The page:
Walker Titan XL Review

When I bought my first large format 5x4 camera there was something very charming about using a beautifully crafted wooden field camera. Wooden cameras look great but after a few years of hard usage the charm was wearing a little thin. I was keen to replace it with something a bit more practical.

My main issues were that the wood of the camera expanded in extremely wet weather and focus on extreme wide lenses was very difficult. I love ultra wide lenses and going out and photographing in extremely wet conditions. This wooden camera was locking up and on occasion rendering the camera useless.

The obvious choice of replacement for wood is metal. The Toyo AII looked great but loving my ultra wide lenses I thought it was likely that I might to run into problems using my 47XL which would have to be on a recessed board. After a lot of research I came across the Walker Titan XL range of cameras.

The 'XL' in the cameras name refers to the Schneider XL range of lenses as it is built specifically with the wide XL lenses in mind. When an extreme lens such as the 47XL is mounted on a field camera the depth of field of the image projected on the film is extremely thin making focus issues creep in easily. Keeping the front and rear standard parallel becomes extremely important and the Titan XL excels in this area with its fixed back and precision build.

Initially I had been a little dubious that a camera made of plastic would be strong enough but having now used one for several years I can say with confidence that this it is as sturdy as any of the metal field cameras I have used. It is also by far lighter.

Camera features

This camera is designed for wide lenses and so has limited movements to ensure the standards stay parallel when required. The only movements available are front rise and fall, front swing and front tilt. Front shift is available as an optional extra and I do now wish I'd added that as it's really handy for small compositional changes. All movements are very smooth and the positioning of the knobs makes for extremely easy adjustments and focusing when under the dark cloth. It's also really easy to zero all movements by touch.

The camera will take a 47XL lens on a flat lens panel. On previous cameras I've struggled with the 47XL with the bellows getting in the way making fine adjustments quite difficult. Not so with the Titan. The 47XL is a pleasure to use on this camera, it will after all accommodate down to 35mm lenses with a recessed board making it a superb choice if you are planning ultra wide 6x12.

Options are more limited on the long end. It will certainly take a 180mm lens but it won't allow you to focus up close. To use anything longer you'd need to get an extension back which would get you to 210mm. For 240mm you'd need an extension back plus top hat panel.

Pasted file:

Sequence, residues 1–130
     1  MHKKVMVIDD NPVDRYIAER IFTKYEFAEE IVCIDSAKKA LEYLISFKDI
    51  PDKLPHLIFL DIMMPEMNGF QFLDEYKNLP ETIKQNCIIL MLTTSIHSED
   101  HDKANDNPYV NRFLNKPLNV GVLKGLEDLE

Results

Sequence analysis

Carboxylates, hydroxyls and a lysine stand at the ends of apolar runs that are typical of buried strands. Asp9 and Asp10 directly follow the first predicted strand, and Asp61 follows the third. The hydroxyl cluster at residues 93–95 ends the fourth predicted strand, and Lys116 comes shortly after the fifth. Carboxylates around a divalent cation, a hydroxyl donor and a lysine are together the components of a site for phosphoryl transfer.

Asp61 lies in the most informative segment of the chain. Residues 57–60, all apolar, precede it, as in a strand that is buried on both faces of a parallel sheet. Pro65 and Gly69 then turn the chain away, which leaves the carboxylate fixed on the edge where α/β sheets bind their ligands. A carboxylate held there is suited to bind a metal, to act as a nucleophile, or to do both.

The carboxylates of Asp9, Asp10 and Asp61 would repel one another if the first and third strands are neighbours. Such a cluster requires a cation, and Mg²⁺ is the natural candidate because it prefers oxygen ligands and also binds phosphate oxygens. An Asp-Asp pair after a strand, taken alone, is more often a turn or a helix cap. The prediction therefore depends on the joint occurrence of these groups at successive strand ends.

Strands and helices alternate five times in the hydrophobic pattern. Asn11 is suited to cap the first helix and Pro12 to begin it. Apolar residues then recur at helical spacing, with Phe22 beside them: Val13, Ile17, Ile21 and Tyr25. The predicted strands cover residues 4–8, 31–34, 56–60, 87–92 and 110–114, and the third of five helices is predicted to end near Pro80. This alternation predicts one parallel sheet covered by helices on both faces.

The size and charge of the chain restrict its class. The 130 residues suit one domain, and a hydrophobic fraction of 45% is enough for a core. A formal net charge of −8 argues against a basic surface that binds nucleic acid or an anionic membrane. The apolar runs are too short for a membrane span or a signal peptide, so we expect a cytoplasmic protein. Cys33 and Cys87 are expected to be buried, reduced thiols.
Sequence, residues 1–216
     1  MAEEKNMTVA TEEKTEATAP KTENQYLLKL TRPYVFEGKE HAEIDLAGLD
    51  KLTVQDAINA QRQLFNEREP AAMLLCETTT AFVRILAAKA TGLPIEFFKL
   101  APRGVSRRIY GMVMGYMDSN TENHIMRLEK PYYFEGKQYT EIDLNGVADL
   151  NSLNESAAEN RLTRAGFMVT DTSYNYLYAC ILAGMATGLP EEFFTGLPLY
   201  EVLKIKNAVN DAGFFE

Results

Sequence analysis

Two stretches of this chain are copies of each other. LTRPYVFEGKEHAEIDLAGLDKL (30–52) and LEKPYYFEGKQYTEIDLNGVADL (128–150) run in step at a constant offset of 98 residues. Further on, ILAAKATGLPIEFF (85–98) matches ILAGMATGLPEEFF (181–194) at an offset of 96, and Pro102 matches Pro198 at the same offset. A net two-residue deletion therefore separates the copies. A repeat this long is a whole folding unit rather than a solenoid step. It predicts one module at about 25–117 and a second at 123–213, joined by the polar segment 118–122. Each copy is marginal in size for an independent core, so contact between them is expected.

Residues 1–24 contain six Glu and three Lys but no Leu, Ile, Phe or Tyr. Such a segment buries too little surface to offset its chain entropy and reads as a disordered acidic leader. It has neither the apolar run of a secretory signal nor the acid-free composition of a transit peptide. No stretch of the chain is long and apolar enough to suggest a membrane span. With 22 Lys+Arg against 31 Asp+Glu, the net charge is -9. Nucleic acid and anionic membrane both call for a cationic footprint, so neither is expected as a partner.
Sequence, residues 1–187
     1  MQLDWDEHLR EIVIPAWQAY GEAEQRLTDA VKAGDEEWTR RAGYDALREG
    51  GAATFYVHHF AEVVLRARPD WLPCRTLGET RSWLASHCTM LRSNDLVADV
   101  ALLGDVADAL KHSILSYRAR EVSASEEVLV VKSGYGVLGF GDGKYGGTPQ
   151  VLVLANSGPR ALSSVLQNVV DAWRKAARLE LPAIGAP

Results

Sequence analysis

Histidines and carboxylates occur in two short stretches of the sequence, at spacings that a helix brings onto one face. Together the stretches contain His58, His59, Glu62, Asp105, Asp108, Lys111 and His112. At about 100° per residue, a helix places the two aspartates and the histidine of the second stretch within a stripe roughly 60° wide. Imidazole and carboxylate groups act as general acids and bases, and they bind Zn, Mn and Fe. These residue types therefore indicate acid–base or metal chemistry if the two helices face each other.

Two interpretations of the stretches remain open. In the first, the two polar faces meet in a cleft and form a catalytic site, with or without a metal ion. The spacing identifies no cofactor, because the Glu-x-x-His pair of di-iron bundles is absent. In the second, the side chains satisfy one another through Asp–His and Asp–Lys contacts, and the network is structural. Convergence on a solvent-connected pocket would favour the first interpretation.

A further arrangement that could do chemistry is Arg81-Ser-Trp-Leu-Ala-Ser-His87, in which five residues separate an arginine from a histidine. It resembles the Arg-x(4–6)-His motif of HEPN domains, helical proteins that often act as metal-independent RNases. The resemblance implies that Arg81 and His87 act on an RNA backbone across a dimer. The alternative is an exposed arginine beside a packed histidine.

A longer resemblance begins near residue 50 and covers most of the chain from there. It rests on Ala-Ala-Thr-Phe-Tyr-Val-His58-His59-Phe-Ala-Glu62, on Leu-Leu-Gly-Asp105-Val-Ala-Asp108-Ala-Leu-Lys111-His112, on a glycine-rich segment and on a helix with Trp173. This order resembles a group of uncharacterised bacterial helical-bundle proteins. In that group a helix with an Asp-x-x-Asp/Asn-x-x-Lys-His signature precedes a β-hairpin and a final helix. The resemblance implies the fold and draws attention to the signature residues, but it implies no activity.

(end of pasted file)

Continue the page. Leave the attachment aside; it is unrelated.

Completely gone are all issues with working in wet weather. This camera is extremely practical, designed to work in any environment or weather condition. For me it's the cameras simplicity that allows me to keep all my attention on the image I'm taking without worrying about controlling the camera. Being a non-folder it's ready to use right out of the camera bag and at just 2kg it's great for hiking.

The wide angle bellows are a kind of combination of normal and bag bellows. I've never once had the bellows intrude on the edge of an image which I've found a common issue with all view cameras I've used when using ultra wides. I'm not certain on the exact specs of the included Fresnel lens but it is as good as I've ever used (previously used a Maxwell HI-LUX Ultra Brilliant Matte 4.7) and the ground glass screen comes with marking for common roll film backs such as 6x12, 6x7 etc.


Overall I can't recommend the Titan XL enough but you do need to be sure that it will do everything you require of a camera. If you are planning on using mostly longer lenses then this is likely not the camera for you. My own lenses range from 47 to 180 which work great with this camera. If I need anything longer in future then I have a 5x4 reducer for my Rittreck 5x7 which will take at least a 360mm lens. There are many other view cameras available with more movements and features and at cheaper price points but after almost 4 years with this camera I still would not swap my Titan XL for any of them. The camera is ideal for backpacking and I've had no problems placing the camera plus lenses in a rucksack for aircraft hand luggage. It's also great to support an independent British camera maker - Mike Walker is always there should you have any issues. Recently I somehow lost one of the front tilt knobs and after a quick email to Mike a replacement swiftly appeared in the post free of charge.

View through ground glass
View through ground glass

Walker Titan XL focus with Schneider 47mm XL lens
Walker Titan XL focus with Schneider 47mm XL lens